A house full of scholars

02.10.2019 von Laura Krauel in Knowledge Transfer, Study and Teaching, Campus
People used to write down what moved them, in books, letters and other texts. But how do you show their thoughts and feelings in an exhibition? Students of literary scholar Dr Christiane Holm have devoted themselves to this question – and in doing so revived the Klopstockhaus in Quedlinburg.
Small stubs of paper with quotations await visitors at the entrance to the Klopstockhaus.
Small stubs of paper with quotations await visitors at the entrance to the Klopstockhaus. (Foto: Jürgen Meusel)

Sharing your home with lots of people: the famous poet Friedrich Gottlieb Klopstock was used to this in his childhood. After all, he was the first of the Klopstock family’s 17 children. Today it is not relatives who live in his birthplace at Quedlinburg Schlossberg, but great writers, philosophers and scholars of the 18th century – the era in which Klopstock also lived and worked. They are commemorated in the new permanent exhibition “How the body speaks. Klopstock, Erxleben and GutsMuths in the paper age”. It opened in March 2019. It has been developed by seven students from MLU, Burg Giebichenstein University of Art and Design Halle and Merseburg University of Applied Sciences in close cooperation with the Quedlinburg Klopstock Association.

“There are many cultural heritage sites in Saxony-Anhalt, but they are often understaffed,” says Dr Christiane Holm, who led the project at the Institute for German Studies. “A difference can be made by bringing together our very good students with this heritage and giving them the opportunity, for example, to try out their own exhibitions during their studies.”

Klopstock and two other personalities have their own rooms in the house: the first German female medical doctor Dorothea Christiana Erxleben and the teacher Johann Christoph Friedrich GutsMuths. The three are not only connected by the era of Enlightenment and their common hometown of Quedlinburg; they also dealt with the human body, but from different perspectives. Erxleben wrote her doctoral thesis at the University of Halle on methods of treatment at that time, such as bloodletting, and criticised them. GutsMuths established school sport. And Klopstock set the language itself in motion with free rhythmic verses. “Our research was therefore primarily interdisciplinary – but that also makes it interesting,” says Holm.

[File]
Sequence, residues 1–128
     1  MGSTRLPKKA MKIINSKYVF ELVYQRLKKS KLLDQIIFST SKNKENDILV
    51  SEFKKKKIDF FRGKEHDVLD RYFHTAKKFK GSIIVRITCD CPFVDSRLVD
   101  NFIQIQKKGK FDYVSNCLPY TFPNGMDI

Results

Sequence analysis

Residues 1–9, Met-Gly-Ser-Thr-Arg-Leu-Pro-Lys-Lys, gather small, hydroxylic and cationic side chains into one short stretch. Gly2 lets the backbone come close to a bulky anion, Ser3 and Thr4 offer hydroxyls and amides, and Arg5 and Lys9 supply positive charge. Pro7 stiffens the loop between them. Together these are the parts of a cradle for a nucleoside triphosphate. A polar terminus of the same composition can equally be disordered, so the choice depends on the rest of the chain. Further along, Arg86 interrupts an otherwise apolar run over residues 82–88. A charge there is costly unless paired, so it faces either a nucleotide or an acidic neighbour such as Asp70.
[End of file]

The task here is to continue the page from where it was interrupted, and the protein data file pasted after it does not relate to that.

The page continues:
Christiane Holm with students Maria Junker and Marlene Milla Woschni (from left) in the Klopstockhaus
Christiane Holm with students Maria Junker and Marlene Milla Woschni (from left) in the Klopstockhaus (Foto: Jürgen Meusel)

In addition to Klopstock, Erxleben and GutsMuths, the students also dealt with the positions of other scholars, such as Johann Joachim Winckelmann, Sophie von La Roche and Immanuel Kant. They can be seen in quotations at various places in the exhibition and describe the body as a machine, a house or the interaction of juices. “Our approach was to combine the texts like building blocks so they can be read in a different order,” explains the academic.

The paper on which the texts are shown is very important. “In the Enlightenment, the material gained such importance that towards the end of the 18th century people spoke of the ‘paper age’,” says Holm. People expressed their thoughts and feelings not only by writing on paper, but also by kissing it or wearing it on their bodies.

In the exhibition, paper is not just seen in conventional formats such as book pages or letters; visitors can expect small, perforated notes with quotations at the entrance. Inside, visitors encounter papers suspended on linen, the words upon which only become visible upon closer inspection. Elsewhere there is an “Archive of expressions”: notes attached to the wall with phrases about the body, such as “It’s on the tip of my tongue” or “This gets under my skin” can be completed spontaneously. “If you want to explore the contents of the exhibition, you have to tear off the papers and, for example, hold them against the light or rewrite them,” says Holm. The many options for dealing with the texts are complemented by exhibits such as one of Klopstock’s locks of hair or a pair of 18th century ice skates. Klopstock is said to have developed the ideas for his poems while ice-skating. The students have also developed an accompanying book art publication and a media guide for the exhibition. The permanent exhibition is open annually from April to October, Wednesdays to Sundays from 10 am to 5 pm.

The project in Quedlinburg is complete but Christiane Holm continues to pursue the plan to inspire her students to transfer knowledge into society: “It's important to me that you don’t just move within an academic setting, but also get other people excited about our research topics.”

Dr Christiane Holm
Institute for German Studies
Telephone +49 345 55-23593
Mail: christiane.holm@germanistik.uni-halle.de


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